drusso

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Excellent article on the phenomenology or "lived experience" of OMM by Elliot Gaines, PhD and Anthony Chila, DO. It's probably a little "out there" or abstract for the tastes of most medical students, but it does a nice job of summarizing the difficulty of translating palpatory experience into scientific language. Hopefully, some of you can use this article as a starting point for discussion at your COM's.

COMMUNICATION FOR OSTEOPATHIC MANIPULATIVE TREATMENT: THE LANGUAGE OF LIVED-EXPERIENCE IN OMT PEDAGOGY


ABSTRACT

This article addresses two recurrent problems in osteopathic medical pedagogy. Questions about the scientific merits of osteopathic manipulative treatment and the search for consistent, effective teaching methods for OMT have been persistent in the discourse of osteopathic medical curriculum. While grounded on scientific principles, the philosophy of osteopathy in the words of A.T. Still, William G. Sutherland, and other prominent osteopathic scholars, advance concepts in metaphorical language that may seem obscure and dated to many of today's students. Evidence in the literature of osteopathic medicine supports the congruence of phenomenology with the philosophy and methods used to teach OMT. The philosophy of phenomenology offers an alternative paradigm to address questions of scientific merit, and could provide a consistent language to a rigorous, scientific approach to communication for OMT pedagogy. A solution is proposed for the tactical adaptation of a communication strategy based on an interpretion of osteopathic methodology and the philosophy of phenomenology.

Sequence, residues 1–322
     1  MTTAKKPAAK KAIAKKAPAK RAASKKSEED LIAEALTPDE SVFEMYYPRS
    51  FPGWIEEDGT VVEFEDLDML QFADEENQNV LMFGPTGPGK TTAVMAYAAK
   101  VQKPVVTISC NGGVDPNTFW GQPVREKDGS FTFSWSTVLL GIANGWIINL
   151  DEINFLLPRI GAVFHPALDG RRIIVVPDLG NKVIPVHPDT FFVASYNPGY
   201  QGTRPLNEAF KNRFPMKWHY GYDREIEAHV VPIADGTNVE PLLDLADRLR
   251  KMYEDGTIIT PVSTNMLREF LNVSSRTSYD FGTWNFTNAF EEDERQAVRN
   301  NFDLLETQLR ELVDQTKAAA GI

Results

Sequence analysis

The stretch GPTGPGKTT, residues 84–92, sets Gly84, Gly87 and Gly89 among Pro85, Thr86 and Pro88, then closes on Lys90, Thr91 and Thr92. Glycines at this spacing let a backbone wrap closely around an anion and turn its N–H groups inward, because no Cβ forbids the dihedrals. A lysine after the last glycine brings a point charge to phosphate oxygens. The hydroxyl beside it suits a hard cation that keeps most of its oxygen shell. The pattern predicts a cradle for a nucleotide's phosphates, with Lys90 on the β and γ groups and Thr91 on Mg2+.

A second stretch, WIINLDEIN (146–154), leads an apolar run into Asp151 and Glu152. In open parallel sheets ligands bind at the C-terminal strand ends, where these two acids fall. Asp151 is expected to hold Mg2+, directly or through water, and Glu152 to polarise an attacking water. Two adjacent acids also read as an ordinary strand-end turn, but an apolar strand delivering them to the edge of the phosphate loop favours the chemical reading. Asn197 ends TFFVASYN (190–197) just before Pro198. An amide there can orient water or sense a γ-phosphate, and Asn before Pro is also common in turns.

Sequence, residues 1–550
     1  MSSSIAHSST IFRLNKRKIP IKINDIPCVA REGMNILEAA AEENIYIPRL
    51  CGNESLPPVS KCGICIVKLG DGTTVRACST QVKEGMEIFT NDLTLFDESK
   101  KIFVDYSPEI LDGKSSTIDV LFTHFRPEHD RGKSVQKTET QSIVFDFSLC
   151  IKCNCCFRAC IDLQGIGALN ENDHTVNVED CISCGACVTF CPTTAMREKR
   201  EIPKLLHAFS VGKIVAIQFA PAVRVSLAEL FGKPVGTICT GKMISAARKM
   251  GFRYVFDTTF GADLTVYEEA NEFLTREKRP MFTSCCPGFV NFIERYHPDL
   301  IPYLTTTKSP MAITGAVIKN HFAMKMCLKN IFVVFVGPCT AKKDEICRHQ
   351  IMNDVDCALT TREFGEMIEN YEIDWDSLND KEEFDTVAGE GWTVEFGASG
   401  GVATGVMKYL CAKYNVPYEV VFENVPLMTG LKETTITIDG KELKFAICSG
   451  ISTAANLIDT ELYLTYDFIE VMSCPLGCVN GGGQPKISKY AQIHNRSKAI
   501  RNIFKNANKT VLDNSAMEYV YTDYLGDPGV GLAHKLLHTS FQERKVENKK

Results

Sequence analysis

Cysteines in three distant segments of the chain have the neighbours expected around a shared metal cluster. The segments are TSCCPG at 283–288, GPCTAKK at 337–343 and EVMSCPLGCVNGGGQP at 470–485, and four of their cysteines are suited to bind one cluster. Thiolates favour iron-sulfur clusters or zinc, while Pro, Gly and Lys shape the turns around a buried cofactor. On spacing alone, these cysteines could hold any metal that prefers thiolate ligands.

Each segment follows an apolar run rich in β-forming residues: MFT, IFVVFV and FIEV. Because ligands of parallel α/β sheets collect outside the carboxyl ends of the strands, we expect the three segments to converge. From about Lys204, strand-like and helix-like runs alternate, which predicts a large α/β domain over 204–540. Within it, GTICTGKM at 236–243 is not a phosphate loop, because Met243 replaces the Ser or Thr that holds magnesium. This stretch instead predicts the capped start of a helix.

coreyw

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I began to read this article with great interest... which wained rapidly and ended in sheer disappointment.

Not only was it poorly written, badly referenced (who fails to reference quotations or even quotes themselves in a peer-reviewed journal?!), and it's 'proposal' thin, it failed dismally to convince me that 'phenomenology' addresses 'questions of scientific merit' re OMT.

It's not that I doubt the vaildity of the direct sensory experience in clinical medicine, but putting up another '-ology' as a substitute for scientific research struck me as a) nothing new (just new wanky academic words substituting for romantic 19th century ones) and b) just what the research-poor field of OMM does not need right now.

It was also maddeningly narrow in its focus on osteopathy... as if numerous other professions have nothing to offer in the way of the experience of teaching manual diagnosis and therapy.

It's good that you posted it David. I did pick up some interesting perspectives on the 'lived experience' of therapeutic touch (which I can relate to) and it made some interesting points here and there. Overall, however, it thoroughly disappointed me.

I learnt a lot about how not to communicate. And I have to say that if I were an osteopathic medical student, new to OMM and struggling with the pros and cons of its place in my future doctoring, I'd feel even less like using it after reading this article.

My two cents' worth.
 
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